6 Tips for New Year's Resolution Success

12/29/2008 (last updated: 08/24/2009 11:24)
Johnny Kuo

The New Year brings the promise of change and a fresh start. The New Year provides a perfect opportunity for making self-improvement resolutions. Unfortunately, it is all too common for enthusiasm and determination to quickly fade and for resolutions to become failed promises. Many people successfully complete their resolutions, but many people do not. What separates success from failure has little to do with willpower, discipline, or super human abilitites. Rather, it has more to do with suboptimal vs. effective strategies. Achieving your New Year's resolutions is quite achievable with a well-layed out and readily actionable plan. Here are a few tips for ensuring your New Year's resolution success:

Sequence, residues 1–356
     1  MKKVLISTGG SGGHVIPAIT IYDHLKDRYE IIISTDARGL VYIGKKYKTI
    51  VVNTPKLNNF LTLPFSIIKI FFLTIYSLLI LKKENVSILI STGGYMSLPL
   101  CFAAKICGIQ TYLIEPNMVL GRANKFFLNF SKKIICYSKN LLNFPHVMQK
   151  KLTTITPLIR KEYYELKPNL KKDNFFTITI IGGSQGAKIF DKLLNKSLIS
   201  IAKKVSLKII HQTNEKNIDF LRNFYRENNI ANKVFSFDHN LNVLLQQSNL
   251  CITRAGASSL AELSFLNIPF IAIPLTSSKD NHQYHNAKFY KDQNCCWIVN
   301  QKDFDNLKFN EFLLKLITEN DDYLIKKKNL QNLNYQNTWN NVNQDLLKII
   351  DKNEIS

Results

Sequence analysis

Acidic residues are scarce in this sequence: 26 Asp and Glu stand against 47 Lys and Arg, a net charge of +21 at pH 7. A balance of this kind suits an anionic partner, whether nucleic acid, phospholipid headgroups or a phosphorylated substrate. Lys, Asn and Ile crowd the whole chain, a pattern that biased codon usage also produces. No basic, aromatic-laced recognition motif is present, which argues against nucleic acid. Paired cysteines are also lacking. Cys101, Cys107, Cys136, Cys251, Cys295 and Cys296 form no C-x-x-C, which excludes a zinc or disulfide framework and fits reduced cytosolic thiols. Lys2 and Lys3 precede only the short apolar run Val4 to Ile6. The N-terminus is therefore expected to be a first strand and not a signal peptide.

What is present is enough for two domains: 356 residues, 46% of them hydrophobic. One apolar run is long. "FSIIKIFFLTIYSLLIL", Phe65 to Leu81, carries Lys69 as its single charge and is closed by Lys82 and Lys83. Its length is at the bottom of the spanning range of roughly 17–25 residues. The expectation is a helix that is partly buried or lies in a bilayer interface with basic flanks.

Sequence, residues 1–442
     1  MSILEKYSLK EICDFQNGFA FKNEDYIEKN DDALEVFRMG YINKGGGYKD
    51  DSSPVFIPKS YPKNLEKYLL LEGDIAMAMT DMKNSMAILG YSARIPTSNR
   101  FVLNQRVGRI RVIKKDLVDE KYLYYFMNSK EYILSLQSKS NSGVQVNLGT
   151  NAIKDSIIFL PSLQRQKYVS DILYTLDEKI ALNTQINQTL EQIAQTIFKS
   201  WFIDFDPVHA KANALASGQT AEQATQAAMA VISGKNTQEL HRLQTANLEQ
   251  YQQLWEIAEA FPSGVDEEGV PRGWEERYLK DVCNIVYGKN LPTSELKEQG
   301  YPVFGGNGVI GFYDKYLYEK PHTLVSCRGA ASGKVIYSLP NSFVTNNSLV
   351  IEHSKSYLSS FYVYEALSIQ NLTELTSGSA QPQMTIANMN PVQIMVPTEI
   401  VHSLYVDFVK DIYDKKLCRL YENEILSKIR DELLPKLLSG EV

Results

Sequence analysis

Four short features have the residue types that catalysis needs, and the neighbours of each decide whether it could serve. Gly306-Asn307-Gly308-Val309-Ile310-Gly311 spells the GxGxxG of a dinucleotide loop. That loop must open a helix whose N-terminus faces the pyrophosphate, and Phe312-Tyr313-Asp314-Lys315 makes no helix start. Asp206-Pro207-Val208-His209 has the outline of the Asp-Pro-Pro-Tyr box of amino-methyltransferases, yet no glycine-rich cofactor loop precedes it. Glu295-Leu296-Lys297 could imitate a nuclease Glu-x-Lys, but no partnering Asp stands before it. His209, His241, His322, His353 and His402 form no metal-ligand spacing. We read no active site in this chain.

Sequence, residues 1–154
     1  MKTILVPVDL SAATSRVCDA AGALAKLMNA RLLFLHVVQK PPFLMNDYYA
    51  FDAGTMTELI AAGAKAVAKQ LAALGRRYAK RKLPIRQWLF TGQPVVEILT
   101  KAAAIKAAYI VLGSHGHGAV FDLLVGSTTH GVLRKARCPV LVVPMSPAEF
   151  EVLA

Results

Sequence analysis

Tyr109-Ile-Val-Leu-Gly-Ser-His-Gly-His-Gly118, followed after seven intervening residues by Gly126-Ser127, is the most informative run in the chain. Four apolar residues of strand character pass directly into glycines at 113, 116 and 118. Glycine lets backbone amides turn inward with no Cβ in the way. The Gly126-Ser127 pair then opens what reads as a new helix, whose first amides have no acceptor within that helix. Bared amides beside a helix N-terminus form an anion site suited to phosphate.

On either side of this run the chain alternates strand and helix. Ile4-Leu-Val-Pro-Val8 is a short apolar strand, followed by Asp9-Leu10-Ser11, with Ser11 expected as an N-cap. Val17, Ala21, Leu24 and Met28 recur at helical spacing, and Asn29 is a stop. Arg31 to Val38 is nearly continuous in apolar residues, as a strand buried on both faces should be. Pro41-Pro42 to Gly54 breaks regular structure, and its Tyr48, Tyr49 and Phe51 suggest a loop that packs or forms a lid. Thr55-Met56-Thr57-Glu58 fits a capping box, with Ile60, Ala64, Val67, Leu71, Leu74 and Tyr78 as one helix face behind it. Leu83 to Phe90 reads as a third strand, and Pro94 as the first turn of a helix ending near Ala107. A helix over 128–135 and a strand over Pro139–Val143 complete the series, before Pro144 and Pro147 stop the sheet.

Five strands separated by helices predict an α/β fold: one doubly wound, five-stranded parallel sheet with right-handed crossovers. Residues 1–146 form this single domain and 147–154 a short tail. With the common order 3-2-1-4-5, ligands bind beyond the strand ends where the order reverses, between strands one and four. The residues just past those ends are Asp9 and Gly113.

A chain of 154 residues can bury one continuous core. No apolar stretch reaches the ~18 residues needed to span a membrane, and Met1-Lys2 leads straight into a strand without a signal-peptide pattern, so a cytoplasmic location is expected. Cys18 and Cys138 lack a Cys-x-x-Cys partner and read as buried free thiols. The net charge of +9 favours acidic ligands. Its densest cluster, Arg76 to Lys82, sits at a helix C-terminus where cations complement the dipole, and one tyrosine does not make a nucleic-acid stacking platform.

1. fire twirlingFrame the goal in positive terms.

    Too many resolutions are framed in negative terms: lose weight, stop smoking, don't waste money, etc. Starting with your goal phrased in negative terminology gets you started on the wrong foot. It is easier to achieve goals which are framed in positive terms, like do more exercise or drink more water. The nature of some resolutions (like "lose weight" or "stop smoking") are inherently framed in negative terms because they require subtracting or doing less of something. However, it is still possible to indirectly re-frame these negative resolutions in positive terms; we can instead choose positive goals which achieve a similar effect by crowding out the thing you want decreased. For example, instead of thinking of the goal of "losing weight", focus on eating more fresh fruits and vegetables, doing consistent exercise, drinking water more regularly, etc. While indirectly related to the original goal of losing weight, these positively framed sibling goals achieve the same effect and crowd out the undesired habits (like eating junk food, being sedentary, etc) which hinder progress towards the original goal.

  2. Attach personal significance to the goal.